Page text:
Finally, his mum had had enough. She no longer had the funds or the patience to deal with his destructive behavior. His dad had been offered a university job in the United States. Washington, to be exact. The same state as Vance, the same city, even. The good man and the bad man together in the same place again.
His mum didn’t think he could overhear her speaking to his dad about shipping him off there. Apparently the old man had cleaned up some, though the boy wasn’t quite sure. He’d never be sure. His dad had a girlfriend, too, a nice woman who the boy was envious of. She got to see the benefits of the new side of him. She got to share sober meals and kind words that he never got the chance to hear.
When he arrived at the university, he moved into a frat house, out of spite against the old man. But although he didn’t like the place, moving his boxes into the decent-sized room that would be his, he felt a slight twinge of relief. The room was twice the size that his room in Hampstead had been. It had no holes in the walls; there were no bugs crawling up the sinks in the bathroom. He finally had a place to put all of his books.
At first, he kept to himself, not bothering to make any friends. His crowd came together slowly, and with it he fell into the same dark pattern.
He met the virtual twin of Mark, all the way over in America, making him start to think this was the way the world was just supposed to be. He began to accept that he would always be alone. He was good at hurting people, at causing mischief. He hurt another girl, like the one before, and he felt that same storm coursing up and down his spine, fighting to destroy his life with its wild energy. He began drinking the way his dad did, being the worst type of hypocrite.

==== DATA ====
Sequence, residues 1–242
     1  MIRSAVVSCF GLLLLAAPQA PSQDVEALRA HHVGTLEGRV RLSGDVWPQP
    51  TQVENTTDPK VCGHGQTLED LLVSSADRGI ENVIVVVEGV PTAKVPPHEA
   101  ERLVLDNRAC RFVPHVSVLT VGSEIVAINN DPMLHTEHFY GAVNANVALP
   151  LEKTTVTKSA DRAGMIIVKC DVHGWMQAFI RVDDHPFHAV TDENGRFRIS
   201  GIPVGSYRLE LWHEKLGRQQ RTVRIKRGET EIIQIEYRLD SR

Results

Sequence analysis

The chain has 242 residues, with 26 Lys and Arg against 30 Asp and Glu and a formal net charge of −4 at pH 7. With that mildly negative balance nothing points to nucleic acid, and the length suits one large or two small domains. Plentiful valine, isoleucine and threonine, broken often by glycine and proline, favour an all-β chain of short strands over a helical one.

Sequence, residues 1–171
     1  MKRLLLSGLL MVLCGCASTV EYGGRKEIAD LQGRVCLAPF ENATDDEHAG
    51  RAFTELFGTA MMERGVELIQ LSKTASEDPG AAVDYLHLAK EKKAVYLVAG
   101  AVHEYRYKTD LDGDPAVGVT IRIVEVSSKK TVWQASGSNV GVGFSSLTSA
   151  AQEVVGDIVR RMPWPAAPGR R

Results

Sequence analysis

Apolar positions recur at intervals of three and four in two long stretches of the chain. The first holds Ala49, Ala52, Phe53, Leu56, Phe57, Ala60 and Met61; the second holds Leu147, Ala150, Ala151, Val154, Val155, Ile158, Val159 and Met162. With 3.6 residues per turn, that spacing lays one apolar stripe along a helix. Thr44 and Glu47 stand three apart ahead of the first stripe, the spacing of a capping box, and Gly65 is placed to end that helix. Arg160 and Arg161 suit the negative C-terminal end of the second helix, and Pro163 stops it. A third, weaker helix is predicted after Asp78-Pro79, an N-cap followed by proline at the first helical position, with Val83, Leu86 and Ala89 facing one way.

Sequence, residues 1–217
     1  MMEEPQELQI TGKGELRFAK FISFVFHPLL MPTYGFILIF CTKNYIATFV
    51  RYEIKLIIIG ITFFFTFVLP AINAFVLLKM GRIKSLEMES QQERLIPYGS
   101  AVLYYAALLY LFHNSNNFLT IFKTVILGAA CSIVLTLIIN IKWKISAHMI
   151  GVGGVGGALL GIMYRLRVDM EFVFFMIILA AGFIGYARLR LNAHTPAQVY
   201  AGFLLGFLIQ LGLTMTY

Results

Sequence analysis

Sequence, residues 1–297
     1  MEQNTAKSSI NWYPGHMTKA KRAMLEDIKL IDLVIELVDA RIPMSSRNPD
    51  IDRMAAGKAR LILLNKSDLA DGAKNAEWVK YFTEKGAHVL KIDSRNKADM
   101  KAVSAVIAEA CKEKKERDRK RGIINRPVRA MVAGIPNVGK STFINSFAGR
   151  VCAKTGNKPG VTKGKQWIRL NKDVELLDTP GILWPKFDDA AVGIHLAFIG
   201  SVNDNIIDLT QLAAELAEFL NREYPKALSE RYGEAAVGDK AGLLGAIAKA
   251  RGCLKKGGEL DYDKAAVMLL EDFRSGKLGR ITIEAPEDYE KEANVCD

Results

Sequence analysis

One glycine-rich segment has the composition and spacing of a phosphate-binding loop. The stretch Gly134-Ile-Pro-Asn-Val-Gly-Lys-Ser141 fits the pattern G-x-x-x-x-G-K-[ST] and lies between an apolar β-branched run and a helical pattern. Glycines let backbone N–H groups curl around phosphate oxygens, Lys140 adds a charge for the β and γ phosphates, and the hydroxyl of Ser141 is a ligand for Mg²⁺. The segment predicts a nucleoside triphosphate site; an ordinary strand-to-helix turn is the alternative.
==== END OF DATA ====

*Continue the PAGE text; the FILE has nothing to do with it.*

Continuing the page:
He didn’t care, though; he was numb and he had friends and they helped him ignore the fact that he didn’t have anything real in his life.
Nothing really mattered.
Not even the girls who tried to get through to him.
When he met the blue-eyed girl with dark hair, he knew she was there to test him in new ways. She was kind, the gentlest spirit he had met so far . . . and she was infatuated with him.
He took the naive girl from her tidy, unblemished world and swept her into a dustpan, then scattered her across a dark and unforgiving world that was completely unfamiliar to her. His callousness made her an outcast, exiled from her church first, then from her family. The gossip was harsh, the whispers traveling from one judgmental Bible-clutching woman to another. Her family wasn’t any better. She had no one, and she made the mistake of trusting him to be more than he was capable of being.